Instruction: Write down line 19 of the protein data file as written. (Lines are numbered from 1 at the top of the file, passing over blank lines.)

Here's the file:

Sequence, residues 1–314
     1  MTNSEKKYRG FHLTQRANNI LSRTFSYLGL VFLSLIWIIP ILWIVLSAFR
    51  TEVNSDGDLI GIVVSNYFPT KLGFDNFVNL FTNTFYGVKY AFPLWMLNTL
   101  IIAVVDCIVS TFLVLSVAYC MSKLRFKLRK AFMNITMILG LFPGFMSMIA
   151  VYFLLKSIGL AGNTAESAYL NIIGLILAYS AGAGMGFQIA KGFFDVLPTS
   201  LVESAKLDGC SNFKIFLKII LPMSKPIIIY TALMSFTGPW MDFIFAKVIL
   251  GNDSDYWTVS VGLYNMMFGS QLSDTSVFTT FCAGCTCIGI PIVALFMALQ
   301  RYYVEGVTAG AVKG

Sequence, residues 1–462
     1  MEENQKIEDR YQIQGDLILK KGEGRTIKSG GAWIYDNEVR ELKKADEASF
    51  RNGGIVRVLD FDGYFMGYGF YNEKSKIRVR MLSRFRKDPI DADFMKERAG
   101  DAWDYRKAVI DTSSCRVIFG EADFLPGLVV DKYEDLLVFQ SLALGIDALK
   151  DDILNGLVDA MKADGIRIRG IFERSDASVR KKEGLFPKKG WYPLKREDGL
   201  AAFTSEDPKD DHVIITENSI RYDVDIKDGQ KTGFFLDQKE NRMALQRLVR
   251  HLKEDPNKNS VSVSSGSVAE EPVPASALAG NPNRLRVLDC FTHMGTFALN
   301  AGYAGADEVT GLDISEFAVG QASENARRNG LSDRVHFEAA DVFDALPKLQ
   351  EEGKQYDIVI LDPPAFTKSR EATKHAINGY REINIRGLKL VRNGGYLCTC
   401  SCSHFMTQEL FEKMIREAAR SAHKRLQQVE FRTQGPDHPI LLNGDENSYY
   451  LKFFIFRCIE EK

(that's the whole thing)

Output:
   451  LKFFIFRCIE EK